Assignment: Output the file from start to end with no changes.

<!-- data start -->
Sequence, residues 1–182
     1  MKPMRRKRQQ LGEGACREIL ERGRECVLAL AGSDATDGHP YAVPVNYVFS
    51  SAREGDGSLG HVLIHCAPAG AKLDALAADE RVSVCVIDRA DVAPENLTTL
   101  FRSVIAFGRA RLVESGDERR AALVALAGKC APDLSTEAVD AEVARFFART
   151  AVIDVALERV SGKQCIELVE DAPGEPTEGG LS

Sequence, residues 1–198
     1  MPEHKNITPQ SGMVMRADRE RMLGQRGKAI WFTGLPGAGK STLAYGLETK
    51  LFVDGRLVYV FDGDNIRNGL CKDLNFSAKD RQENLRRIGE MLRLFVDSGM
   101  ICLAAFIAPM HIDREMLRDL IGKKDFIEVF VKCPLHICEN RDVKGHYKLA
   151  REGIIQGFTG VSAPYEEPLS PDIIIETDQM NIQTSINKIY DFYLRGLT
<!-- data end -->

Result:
Sequence, residues 1–182
     1  MKPMRRKRQQ LGEGACREIL ERGRECVLAL AGSDATDGHP YAVPVNYVFS
    51  SAREGDGSLG HVLIHCAPAG AKLDALAADE RVSVCVIDRA DVAPENLTTL
   101  FRSVIAFGRA RLVESGDERR AALVALAGKC APDLSTEAVD AEVARFFART
   151  AVIDVALERV SGKQCIELVE DAPGEPTEGG LS

Sequence, residues 1–198
     1  MPEHKNITPQ SGMVMRADRE RMLGQRGKAI WFTGLPGAGK STLAYGLETK
    51  LFVDGRLVYV FDGDNIRNGL CKDLNFSAKD RQENLRRIGE MLRLFVDSGM
   101  ICLAAFIAPM HIDREMLRDL IGKKDFIEVF VKCPLHICEN RDVKGHYKLA
   151  REGIIQGFTG VSAPYEEPLS PDIIIETDQM NIQTSINKIY DFYLRGLT